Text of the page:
Counting calories and losing weight
Christy Judd, D.O., is chief resident in medicine at Banner Good Samaritan Medical Center. This answer was reviewed by Alan Leibowitz, MD, chief academic officer at Banner Health, Arizona Region.
Question: I want to lose weight and I am looking at a chart that shows that I need to use 2,117 calories per day to achieve this. Do I have to use all of those calories - what would happen if I used fewer calories?
Answer: Here may be an easier way to look at the weight loss: A 500-calorie deficit each day will result in a pound lost per week (one pound equals 3,500 calories). This deficit can be achieved by increasing your activity levels, reducing the number of calories you consume or a combination of increased activity and decreased consumption.
The sensible combination of increased activity and improving your diet may not give you immediate results. Don’t get discouraged.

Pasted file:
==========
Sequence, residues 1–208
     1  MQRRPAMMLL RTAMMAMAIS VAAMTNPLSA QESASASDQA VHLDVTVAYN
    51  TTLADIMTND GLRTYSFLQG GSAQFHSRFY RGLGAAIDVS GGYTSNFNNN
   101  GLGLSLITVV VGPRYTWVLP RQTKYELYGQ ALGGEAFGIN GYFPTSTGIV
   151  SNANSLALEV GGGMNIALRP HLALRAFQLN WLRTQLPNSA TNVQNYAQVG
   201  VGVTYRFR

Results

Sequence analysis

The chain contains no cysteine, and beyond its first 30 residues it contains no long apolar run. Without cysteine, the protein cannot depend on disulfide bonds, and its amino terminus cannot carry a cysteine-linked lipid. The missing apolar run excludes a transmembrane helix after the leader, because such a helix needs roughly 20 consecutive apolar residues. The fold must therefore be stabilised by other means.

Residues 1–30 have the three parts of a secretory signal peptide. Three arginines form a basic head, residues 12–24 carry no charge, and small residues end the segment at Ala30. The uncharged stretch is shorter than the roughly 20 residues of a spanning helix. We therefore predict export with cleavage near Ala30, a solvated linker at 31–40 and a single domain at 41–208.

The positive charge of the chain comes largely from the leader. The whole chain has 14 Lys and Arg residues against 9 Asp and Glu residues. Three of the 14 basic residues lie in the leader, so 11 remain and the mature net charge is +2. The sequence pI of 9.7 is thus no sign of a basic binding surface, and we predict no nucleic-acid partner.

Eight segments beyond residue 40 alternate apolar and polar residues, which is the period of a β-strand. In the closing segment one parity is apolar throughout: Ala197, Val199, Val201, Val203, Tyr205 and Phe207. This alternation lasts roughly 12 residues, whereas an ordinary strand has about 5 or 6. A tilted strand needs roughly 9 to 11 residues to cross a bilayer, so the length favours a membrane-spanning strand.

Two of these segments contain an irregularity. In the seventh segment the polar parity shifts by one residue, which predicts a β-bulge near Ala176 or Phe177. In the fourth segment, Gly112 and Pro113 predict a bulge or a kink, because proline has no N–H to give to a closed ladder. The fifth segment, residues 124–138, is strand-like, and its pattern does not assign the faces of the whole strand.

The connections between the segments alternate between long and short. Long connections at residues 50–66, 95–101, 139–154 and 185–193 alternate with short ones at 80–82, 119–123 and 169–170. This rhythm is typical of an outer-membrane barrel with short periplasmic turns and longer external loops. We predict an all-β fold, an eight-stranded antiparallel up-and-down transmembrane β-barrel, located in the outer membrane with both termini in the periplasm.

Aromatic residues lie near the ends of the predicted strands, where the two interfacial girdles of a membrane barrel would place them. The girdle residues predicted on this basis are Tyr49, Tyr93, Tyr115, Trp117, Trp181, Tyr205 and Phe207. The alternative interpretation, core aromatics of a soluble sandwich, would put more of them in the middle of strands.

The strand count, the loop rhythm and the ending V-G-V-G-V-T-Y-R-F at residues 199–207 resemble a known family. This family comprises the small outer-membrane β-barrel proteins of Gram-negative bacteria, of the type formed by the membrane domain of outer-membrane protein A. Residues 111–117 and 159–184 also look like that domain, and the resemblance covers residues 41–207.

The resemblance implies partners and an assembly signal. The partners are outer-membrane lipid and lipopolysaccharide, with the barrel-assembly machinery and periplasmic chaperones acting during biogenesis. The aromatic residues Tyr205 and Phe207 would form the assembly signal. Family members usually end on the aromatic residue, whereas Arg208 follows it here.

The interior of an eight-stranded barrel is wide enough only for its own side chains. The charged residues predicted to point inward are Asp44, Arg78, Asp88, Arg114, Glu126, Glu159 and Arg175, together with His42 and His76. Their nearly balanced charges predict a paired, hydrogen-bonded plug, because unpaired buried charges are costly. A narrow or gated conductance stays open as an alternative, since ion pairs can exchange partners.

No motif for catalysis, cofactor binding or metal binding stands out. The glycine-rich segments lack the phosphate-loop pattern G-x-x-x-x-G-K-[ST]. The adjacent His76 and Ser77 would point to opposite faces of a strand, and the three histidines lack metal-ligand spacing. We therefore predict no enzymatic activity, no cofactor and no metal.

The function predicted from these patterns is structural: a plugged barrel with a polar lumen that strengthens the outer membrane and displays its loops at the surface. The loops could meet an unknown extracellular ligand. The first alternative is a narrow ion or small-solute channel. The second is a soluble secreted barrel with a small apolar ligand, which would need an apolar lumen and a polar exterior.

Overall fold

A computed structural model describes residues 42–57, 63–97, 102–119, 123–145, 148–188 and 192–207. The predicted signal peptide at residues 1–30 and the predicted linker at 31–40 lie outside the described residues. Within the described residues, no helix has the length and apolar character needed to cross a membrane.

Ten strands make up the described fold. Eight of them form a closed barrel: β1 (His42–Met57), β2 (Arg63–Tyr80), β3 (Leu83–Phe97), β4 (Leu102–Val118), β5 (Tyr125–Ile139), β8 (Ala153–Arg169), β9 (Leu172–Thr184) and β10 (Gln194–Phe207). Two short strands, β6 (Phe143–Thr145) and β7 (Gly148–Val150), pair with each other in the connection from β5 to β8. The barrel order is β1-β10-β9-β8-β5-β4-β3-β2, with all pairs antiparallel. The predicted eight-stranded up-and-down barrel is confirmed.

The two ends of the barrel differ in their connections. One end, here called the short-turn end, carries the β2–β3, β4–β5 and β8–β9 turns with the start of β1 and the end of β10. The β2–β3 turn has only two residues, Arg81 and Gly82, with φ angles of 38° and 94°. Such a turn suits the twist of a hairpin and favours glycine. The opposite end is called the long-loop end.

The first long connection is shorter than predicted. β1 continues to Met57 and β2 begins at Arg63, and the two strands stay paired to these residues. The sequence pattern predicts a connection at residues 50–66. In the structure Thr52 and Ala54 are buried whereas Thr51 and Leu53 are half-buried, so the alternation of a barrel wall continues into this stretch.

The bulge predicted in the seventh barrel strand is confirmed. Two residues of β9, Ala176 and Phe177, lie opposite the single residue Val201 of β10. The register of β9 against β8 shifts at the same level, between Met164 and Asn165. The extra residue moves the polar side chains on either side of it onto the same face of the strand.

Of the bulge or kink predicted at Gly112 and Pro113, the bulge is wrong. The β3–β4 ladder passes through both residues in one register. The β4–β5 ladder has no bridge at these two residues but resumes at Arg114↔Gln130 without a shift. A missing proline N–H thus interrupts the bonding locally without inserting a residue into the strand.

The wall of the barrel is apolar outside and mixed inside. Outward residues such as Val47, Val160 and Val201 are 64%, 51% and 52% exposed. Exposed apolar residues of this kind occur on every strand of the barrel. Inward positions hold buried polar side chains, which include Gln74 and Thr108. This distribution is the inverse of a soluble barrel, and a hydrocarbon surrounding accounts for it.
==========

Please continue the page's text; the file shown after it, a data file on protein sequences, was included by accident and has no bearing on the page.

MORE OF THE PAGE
This slower rate of loss has been shown to have better success at keeping the weight off than rapid weight loss. Studies show that a slow weight loss of one to two pounds per week is best; losing more than four pounds in one week is pushing safety guidelines.
Physical activity is an important factor to weight loss because it helps increase muscle, which can then burn more calories.
As far as consuming calories, the most important focus for diets is to make sure you get the nutrients you need. The balanced diets are best at accomplishing this